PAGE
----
Arctic lost 11,000 small business in three years due to high costs
The number of SMEs has shrunk by 11,000 in the Arctic over the past three years, Deputy Minister for the Development of the Russian Far East and the Arctic Alexander Krutikov said during the online discussion "Entrepreneurship in the Arctic" sponsored by the Project Office for the Development of the Arctic (PODA).
He added that this was a relatively small figure, just about 4% of the total, but quite a lot in terms of local employment: "Small and medium-sized businesses lost 103,000 jobs, or about 14% of all employees, which is a relatively large share. These businesses account for a lot of jobs and they have been hit the hardest."
Krutikov explained that the two main reasons for the negative dynamics are low market demand in the Arctic, which is declining further due to the continuing population drain, and additional costs, such as those related to hiring, making northern businesses uncompetitive.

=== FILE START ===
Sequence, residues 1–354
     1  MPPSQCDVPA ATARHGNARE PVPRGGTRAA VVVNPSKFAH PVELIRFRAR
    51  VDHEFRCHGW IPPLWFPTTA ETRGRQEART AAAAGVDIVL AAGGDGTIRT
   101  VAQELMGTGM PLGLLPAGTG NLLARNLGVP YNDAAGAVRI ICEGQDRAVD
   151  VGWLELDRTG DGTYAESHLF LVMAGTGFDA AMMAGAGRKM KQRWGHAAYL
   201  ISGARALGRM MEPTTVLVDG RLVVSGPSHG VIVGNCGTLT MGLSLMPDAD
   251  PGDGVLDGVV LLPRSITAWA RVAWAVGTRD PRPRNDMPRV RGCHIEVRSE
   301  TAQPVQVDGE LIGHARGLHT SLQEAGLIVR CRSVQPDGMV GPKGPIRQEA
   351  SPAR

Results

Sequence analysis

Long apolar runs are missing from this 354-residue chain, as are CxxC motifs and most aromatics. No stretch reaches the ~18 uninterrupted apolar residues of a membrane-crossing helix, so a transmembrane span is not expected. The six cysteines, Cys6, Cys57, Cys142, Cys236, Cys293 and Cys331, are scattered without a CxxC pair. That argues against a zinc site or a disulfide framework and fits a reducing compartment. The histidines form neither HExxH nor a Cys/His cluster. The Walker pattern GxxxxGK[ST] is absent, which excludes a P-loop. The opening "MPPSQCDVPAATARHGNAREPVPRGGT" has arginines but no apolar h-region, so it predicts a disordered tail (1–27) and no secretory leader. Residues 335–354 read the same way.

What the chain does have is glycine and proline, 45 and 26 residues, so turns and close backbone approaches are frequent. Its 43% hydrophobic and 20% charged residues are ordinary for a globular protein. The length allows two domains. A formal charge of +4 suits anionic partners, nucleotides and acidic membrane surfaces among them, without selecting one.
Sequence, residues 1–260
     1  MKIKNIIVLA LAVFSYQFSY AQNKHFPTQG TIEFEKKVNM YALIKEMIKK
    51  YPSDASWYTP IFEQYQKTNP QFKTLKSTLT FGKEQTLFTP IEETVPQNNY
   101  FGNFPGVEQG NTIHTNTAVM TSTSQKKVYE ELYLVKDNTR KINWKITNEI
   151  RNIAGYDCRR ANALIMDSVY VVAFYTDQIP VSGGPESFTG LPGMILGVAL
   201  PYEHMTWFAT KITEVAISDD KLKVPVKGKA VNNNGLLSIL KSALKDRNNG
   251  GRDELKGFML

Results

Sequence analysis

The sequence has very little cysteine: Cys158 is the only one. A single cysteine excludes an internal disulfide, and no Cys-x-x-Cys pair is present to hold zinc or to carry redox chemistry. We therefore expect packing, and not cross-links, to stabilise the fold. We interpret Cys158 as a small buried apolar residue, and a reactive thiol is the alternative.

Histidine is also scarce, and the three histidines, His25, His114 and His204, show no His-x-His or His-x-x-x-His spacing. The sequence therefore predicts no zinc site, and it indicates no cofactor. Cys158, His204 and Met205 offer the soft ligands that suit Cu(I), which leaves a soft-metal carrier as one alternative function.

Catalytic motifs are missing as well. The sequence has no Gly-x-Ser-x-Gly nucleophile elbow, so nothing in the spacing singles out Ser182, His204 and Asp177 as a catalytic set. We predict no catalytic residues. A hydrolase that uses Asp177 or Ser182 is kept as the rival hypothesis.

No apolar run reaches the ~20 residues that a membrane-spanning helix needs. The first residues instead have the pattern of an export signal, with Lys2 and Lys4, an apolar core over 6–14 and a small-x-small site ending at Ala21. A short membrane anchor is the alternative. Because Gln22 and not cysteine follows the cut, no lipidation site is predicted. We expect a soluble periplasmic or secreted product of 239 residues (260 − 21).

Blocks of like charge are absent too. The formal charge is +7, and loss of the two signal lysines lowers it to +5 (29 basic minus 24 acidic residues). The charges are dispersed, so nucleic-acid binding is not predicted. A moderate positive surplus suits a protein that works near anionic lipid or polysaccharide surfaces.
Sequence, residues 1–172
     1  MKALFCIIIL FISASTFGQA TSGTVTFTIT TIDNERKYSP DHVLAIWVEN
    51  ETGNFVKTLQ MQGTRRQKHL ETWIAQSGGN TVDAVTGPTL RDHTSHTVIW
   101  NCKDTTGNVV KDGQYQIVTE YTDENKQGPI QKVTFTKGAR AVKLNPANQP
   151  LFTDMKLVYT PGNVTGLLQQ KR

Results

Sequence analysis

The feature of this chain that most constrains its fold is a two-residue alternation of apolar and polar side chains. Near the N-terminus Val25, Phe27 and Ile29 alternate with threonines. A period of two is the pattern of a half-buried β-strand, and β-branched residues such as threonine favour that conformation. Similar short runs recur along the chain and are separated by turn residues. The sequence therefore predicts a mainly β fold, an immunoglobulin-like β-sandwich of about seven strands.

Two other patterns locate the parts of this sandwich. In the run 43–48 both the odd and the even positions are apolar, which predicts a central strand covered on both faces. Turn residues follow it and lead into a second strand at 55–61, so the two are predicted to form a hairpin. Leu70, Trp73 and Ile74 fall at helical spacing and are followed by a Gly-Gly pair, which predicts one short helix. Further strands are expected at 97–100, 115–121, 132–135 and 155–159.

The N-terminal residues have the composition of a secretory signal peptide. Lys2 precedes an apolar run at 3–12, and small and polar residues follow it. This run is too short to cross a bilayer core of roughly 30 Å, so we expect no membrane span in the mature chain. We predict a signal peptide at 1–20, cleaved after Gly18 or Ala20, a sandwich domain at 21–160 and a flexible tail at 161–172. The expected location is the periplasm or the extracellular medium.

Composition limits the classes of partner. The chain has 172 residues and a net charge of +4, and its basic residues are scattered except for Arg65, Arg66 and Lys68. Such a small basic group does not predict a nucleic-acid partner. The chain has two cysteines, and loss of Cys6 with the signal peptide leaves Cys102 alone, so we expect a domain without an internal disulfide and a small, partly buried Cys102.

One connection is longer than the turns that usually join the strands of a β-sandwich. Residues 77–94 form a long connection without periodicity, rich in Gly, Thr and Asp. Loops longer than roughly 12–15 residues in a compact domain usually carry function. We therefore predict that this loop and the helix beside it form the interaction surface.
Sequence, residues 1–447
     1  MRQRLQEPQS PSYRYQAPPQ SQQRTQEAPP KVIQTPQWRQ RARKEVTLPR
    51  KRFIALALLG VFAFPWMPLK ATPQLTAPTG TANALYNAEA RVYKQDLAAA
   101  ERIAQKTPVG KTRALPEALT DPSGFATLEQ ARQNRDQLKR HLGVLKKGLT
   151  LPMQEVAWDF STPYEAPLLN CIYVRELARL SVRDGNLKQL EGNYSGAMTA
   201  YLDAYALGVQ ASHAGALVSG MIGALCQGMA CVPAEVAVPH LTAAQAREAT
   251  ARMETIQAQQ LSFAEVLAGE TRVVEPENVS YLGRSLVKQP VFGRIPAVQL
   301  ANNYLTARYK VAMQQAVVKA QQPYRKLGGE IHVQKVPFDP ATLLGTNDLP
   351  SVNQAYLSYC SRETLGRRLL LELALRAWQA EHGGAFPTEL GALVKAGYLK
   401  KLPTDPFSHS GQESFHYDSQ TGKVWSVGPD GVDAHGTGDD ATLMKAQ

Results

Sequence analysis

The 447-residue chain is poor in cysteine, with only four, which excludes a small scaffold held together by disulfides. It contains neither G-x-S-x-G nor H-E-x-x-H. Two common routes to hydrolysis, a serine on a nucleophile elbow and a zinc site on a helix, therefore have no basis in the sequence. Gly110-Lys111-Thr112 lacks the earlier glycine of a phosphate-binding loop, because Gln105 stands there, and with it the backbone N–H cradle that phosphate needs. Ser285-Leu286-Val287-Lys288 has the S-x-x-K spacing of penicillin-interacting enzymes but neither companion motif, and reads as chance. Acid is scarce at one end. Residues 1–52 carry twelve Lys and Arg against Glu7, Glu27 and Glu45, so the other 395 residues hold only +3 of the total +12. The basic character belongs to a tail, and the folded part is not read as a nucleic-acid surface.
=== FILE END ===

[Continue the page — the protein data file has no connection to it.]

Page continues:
"We at the ministry estimate that, depending on the sector, these costs make operations twice or thrice as expensive as in central Russia. As a result, such businesses cannot compete, for example, for a share of government procurement contracts," he said.
Krutikov also reminded his audience that in order to counter this trend, his ministry has drafted an order of the Russian Government expanding the list of equipment available to business people in the Arctic zone on favorable leasing terms.
The order is designed to ensure stable socioeconomic development in the Arctic zone of Russia and encourage entrepreneurial activity there. The draft order outlines specific requirements for Russian leasing companies that offer programs to help small business in the Arctic.